Time spent on social media has officially tipped from the desktop to mobile. This has huge implications for social advertising. Native advertising, in which posts are integrated into the social media stream, is already performing well on desktop.
But on mobile, the stream is the experience, and native advertising is the only type of ad served.
For a recent report, BI Intelligence spoke to leaders in the native advertising space, including major ad buyers, investors in up-and-coming social media networks like Pinterest, and social media analytics experts to understand the forces driving the stampede into native-social advertising. We examine the top formats, dig into Facebook’s suite of native ad products, and look at how effective native-social ads can be.
“In the future, all advertising on social media will be native in-stream ads,” says Jan Rezab, CEO of Socialbakers, a social media analytics company that works with Fortune 100 brands. “The right rail and banners will disappear altogether.”
Here’s why experts are so bullish:
- At BIA/Kelsey, which forecast that $US11 billion would be spent on social ads in 2017 and 40% would go to native ads, Jed Williams, author of the forecast, said: “if I was to re-forecast the native ad market today, would we project it growing larger at a faster rate? Certainly.”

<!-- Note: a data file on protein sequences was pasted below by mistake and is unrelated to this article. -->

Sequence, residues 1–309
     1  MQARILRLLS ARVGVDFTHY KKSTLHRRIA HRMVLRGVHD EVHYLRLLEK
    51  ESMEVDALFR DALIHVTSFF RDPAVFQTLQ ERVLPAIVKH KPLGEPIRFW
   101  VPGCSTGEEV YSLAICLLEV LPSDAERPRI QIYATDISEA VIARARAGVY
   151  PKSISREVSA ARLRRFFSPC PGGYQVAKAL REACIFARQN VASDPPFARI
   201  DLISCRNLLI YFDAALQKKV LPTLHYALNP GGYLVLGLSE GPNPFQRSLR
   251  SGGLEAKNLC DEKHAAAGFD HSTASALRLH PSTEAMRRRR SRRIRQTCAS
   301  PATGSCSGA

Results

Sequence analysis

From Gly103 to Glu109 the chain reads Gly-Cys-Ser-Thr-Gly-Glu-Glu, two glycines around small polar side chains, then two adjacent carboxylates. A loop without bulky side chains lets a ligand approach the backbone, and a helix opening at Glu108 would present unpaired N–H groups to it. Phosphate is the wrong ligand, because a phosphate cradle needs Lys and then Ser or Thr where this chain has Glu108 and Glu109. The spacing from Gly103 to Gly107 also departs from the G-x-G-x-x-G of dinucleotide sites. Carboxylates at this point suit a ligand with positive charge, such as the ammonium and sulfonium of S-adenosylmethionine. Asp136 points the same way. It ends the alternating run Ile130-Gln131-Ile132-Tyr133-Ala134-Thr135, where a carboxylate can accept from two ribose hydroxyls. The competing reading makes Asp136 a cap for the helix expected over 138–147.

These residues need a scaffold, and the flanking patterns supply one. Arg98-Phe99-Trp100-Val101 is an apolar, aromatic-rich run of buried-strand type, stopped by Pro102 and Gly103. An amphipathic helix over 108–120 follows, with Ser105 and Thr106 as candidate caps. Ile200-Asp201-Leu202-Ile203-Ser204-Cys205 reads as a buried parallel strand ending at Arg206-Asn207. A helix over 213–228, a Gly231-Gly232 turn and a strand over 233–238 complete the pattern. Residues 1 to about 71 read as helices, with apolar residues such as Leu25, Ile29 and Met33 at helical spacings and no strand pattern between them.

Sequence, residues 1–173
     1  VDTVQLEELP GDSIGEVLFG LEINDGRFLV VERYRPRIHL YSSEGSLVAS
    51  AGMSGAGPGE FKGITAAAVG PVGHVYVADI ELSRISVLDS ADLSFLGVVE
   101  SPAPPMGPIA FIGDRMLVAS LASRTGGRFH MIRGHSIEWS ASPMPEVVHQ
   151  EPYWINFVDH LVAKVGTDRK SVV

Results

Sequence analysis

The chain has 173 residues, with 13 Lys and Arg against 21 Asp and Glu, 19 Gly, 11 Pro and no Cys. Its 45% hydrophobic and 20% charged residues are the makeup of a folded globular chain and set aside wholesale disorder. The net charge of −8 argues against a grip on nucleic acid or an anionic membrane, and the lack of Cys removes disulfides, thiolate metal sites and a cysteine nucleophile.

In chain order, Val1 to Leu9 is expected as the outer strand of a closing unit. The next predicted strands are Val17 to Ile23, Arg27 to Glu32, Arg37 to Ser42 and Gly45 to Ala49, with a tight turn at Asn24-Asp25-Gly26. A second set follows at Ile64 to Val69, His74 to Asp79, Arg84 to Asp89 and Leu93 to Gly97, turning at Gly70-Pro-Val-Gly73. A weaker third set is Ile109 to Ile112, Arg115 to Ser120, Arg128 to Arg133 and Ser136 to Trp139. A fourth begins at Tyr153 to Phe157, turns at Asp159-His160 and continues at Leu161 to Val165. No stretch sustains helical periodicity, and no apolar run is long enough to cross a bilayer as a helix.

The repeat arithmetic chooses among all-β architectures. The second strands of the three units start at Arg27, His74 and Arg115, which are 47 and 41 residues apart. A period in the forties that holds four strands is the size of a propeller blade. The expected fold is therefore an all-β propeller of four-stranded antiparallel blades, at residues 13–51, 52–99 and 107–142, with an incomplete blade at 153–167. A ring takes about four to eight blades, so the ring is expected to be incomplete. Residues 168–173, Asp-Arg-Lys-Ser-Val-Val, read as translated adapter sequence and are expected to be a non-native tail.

- In-stream native ads look, feel, and function seamlessly across mobile and PC, which is precisely what brands want, as they seek to build cross-device campaigns.
- On mobile’s smaller screens, the stream is the experience. Mobile ad spend was up 83% last year, to $US8.9 billion globally.
- Twitter started the native-social ad trend with Promoted Tweets in early 2010. The social network is now among the most influential voices in arguing that TV and digital ad spend can work hand-in-hand. Twitter now offers a suite of three different in-stream native ad products.
- Now, LinkedIn is making major investments in its native strategy and Pinterest is piloting native ads on its platform.
- We believe image- and video-sharing networks such as Pinterest, Vine, and Snapchat will soon be offering some of the most effective types of native ads, centered on pictures. Photos are the most shared type of content on the Web; 43% of global Internet users have shared a photo in the past month.
In full, the report:
- Compares the adoption of native-social ads by top brands and advertisers, and how committed they are to allocating spend to each of the social networks
- Looks at what native advertising might look like on Snapchat, Pinterest, Vine, Instagram, the most image-centric social networks
- Discusses how native-social advertisements can be bought and sold in automated exchanges like Facebook’s FBX
- Examines the data that proves the effectiveness of in-stream ads and their superior metrics relative to banner and display ads
- Explains why market research firms have underestimated how big the shift to native-social advertising has turned out to be